There are many young girls, boat people, who are raped by sea pirates. Even though the United Nations and many countries try to help the government of Thailand prevent that kind of piracy, sea pirates continue to inflict much suffering on the refugees. One day we received a letter telling us about a young girl on a small boat who was raped by a Thai pirate.

She was only twelve, and she jumped into the ocean and drowned herself. When you first learn of something like that, you get angry at the pirate. You naturally take the side of the girl. As you look more deeply you will see it differently. If you take the side of the little girl, then it is easy. You only have to take a gun and shoot the pirate. But we cannot do that. In my meditation I saw that if I had been born in the village of the pirate and raised in the same conditions as he was, I am now the pirate. There is a great likelihood that I would become a pirate. I cannot condemn myself so easily. In my meditation, I saw that many babies are born along the Gulf of Siam, hundreds every day, and if we educators, social workers, politicians, and others do not do something about the situation, in twenty-five years a number of them will become sea pirates. That is certain. If you or I were born today in those fishing villages, we might become sea pirates in twenty-five years. If you take a gun and shoot the pirate, you shoot all of us, because all of us are to some extent responsible for this state of affairs.

"When I look at you, I see me. I see what I might have been."

I invited Hector to come to Liturgy, which started in about an hour, or at least to stop by for coffee hour afterwards. He said he would. Then he embraced me, and I went in.

But I didn't see him in church, or afterwards.

Do not say that I'll depart tomorrow because even today I still arrive.

Look deeply: I arrive in every second to be a bud on a spring branch, to be a tiny bird, with wings still fragile, learning to sing in my new nest, to be a caterpillar in the heart of flower, to be a jewel hiding itself in a stone.


I still arrive, in order to laugh and to cry, in order to fear and to hope, the rhythm of my heart is the birth and death of all that are alive.
I am the mayfly metamorphosing on the surface of the river, and I am the bird which, when spring comes, arrives in time to eat the mayfly.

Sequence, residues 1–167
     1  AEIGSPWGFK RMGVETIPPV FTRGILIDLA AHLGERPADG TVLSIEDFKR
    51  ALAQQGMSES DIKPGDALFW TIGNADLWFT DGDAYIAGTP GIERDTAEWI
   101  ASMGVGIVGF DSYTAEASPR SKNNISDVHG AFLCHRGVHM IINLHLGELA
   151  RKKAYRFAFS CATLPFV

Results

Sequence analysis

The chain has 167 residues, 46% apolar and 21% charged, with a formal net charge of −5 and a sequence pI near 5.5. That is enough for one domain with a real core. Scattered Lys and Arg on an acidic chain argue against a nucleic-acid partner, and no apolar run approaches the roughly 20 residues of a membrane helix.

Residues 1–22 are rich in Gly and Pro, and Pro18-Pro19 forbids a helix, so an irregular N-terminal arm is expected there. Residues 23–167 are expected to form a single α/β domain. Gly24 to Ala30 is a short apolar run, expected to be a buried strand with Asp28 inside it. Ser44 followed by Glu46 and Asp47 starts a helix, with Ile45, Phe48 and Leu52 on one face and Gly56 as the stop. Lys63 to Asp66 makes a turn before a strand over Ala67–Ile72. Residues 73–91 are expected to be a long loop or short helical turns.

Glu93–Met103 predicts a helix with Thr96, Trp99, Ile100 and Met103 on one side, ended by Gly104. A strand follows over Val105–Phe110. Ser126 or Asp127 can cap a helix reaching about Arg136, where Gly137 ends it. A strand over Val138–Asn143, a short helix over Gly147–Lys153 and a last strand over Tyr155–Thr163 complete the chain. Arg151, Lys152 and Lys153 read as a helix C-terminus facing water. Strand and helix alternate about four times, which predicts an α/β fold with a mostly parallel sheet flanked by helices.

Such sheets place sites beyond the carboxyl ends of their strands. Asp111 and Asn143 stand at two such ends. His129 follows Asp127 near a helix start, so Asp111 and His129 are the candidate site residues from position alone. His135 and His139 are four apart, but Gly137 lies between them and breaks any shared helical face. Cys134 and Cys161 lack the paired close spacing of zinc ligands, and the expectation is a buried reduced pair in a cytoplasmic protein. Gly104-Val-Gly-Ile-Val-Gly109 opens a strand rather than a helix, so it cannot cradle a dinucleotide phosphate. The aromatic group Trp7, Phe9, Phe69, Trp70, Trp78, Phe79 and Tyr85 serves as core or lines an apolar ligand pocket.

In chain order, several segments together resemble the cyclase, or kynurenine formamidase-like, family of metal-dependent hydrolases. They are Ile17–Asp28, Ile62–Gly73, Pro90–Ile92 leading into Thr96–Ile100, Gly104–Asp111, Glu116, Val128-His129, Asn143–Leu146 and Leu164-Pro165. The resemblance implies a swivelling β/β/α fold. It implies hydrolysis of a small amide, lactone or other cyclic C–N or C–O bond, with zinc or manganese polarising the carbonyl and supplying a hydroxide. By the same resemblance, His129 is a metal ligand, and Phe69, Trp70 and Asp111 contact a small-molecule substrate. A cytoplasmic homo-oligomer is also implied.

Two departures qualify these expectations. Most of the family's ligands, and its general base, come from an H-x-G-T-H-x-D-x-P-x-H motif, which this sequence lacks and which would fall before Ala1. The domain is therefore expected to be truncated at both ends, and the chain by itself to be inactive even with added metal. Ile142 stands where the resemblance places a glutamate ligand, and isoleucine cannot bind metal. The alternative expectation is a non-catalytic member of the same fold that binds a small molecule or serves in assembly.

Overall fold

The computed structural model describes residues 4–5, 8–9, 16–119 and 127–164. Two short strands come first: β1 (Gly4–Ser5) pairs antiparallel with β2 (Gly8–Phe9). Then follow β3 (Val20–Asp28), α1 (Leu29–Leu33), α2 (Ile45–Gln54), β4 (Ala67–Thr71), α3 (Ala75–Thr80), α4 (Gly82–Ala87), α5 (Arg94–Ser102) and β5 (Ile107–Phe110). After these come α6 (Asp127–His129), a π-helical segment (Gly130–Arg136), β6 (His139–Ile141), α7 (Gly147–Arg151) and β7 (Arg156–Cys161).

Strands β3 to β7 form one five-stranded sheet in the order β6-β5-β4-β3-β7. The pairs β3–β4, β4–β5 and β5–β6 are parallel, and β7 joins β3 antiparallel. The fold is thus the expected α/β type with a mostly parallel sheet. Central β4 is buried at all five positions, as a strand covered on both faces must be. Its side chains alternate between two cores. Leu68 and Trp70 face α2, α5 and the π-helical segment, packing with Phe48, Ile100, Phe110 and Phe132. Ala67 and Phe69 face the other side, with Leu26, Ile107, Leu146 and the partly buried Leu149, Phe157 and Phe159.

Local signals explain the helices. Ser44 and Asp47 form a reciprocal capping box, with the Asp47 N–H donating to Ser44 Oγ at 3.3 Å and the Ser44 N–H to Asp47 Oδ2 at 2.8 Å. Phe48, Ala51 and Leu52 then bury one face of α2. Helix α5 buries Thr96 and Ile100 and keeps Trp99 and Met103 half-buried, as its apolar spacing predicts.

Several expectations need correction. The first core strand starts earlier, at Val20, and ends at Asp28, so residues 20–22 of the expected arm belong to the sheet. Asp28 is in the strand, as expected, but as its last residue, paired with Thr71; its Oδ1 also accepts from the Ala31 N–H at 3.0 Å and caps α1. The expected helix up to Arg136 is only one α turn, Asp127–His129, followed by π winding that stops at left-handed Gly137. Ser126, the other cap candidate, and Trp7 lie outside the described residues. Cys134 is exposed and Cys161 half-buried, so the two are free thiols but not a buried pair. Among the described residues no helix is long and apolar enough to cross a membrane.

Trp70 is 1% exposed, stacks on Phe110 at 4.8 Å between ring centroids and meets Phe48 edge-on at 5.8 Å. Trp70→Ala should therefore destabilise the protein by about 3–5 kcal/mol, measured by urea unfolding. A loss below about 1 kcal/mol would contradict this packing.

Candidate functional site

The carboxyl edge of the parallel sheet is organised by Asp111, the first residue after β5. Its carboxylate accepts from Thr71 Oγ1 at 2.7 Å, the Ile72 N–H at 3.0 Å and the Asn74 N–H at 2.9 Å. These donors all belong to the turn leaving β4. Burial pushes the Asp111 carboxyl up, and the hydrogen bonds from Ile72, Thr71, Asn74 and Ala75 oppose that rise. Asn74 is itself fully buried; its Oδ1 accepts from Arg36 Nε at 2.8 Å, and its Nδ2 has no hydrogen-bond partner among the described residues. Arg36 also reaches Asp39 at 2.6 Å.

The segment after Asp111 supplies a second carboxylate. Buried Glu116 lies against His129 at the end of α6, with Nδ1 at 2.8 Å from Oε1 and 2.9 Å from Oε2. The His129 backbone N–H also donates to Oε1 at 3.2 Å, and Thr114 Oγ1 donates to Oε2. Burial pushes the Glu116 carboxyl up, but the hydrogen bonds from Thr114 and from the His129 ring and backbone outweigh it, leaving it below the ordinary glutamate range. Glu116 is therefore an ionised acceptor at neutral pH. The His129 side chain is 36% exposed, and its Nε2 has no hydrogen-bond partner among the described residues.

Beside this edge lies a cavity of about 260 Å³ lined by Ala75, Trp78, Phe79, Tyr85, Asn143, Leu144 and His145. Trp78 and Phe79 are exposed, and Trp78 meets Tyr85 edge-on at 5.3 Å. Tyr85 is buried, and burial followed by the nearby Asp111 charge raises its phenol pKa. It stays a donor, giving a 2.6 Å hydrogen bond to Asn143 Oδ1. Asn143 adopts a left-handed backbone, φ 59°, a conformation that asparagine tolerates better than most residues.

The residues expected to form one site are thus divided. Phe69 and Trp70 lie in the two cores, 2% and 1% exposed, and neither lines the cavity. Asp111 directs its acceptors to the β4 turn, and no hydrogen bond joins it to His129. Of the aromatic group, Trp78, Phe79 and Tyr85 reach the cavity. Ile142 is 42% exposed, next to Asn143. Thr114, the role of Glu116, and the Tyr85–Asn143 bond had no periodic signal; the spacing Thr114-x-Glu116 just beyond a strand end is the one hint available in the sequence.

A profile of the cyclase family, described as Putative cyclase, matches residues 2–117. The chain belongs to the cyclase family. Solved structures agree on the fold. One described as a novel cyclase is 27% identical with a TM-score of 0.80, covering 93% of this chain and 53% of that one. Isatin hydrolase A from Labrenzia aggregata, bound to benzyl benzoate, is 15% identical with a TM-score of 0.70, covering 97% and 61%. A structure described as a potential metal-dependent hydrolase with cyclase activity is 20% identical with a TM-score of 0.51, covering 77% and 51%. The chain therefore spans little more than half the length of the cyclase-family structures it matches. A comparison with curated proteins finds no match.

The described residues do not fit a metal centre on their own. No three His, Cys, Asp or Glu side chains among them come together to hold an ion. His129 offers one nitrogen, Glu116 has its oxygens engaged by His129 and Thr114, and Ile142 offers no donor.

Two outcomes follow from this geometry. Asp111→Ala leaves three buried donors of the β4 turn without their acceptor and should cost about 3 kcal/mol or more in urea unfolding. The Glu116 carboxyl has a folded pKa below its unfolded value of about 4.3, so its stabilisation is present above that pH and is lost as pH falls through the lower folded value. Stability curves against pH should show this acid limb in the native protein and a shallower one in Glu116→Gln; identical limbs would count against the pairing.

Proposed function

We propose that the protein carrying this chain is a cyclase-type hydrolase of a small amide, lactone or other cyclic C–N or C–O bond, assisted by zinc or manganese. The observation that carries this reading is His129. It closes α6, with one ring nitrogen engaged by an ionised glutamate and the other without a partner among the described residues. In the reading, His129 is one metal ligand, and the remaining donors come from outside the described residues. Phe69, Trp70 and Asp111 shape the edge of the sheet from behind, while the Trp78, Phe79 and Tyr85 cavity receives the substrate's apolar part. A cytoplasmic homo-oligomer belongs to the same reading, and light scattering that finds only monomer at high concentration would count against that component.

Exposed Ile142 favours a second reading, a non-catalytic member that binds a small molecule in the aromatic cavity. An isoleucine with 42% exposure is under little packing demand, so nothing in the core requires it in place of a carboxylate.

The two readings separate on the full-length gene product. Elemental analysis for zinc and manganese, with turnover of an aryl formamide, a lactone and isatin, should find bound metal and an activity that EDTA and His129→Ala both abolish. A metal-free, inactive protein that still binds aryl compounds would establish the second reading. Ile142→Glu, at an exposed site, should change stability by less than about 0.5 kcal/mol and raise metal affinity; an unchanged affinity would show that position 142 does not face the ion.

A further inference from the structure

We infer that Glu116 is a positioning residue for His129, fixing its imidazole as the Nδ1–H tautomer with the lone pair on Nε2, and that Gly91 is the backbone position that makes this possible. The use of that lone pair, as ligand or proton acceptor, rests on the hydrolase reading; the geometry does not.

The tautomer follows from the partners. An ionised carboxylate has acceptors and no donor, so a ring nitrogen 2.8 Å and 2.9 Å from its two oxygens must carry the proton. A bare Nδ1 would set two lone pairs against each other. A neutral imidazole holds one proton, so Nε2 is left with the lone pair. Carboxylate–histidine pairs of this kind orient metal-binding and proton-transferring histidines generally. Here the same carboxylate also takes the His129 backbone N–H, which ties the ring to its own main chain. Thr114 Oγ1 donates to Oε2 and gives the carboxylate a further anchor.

I am the frog swimming happily in the clear water of a pond, and I am also the grass-snake who, approaching in silence, feeds itself on the frog.

I am the child in Uganda, all skin and bones, my legs as thin as bamboo sticks, and I am the arms merchant, selling deadly weapons to Uganda.

I am the twelve-year-old girl, refugee on a small boat, who throws herself into the ocean after being raped by a sea pirate, and I am the pirate, my heart not yet capable of seeing and loving.

I am a member of the politburo, with plenty of power in my hands, and I am the man who has to pay his "debt of blood" to my people, dying slowly in a forced labor camp.

My joy is like spring, so warm it makes flowers bloom in all walks of life. My pain is like a river of tears, so full it fills up the four oceans.

Please call me by my true names, so I can hear all my cries and my laughs at once, so I can see that my joy and pain are one.

Please call me by my true names, so I can wake up, and so the door of my heart can be left open, the door of compassion.


--Thich Naht Hanh


1 comment:

Zanna said...

Sampson - how poignant that I visited your site today to read this post. Today my husband suffered another setback in employment based on his personal situation. Although this time it's not racism he faces, it is an "ism" of some sort. Basically, his employer will not honor the child support garnishment of wages, and has let John go to find another job. The onus is on the employer -- he's legally bound to garnish the wages. However, he "can't get involved."

The most difficult thing when situations arise like this, is to put oneself in the other's position. While we understand mentally why John's boss doesn't want to take the time to follow the order, it's much more difficult to imagine us as him and feel what he's feeling. Especially because we're quite sure he isn't considering the financial instability his decision puts us in. I've worked in restorative justice and conflict resolution for almost 20 years, and still battle within myself to exemplify true compassion and empathy with those who hurt my beloveds.

What a challenge! Thank you for inviting us to look in the mirror.

A friend.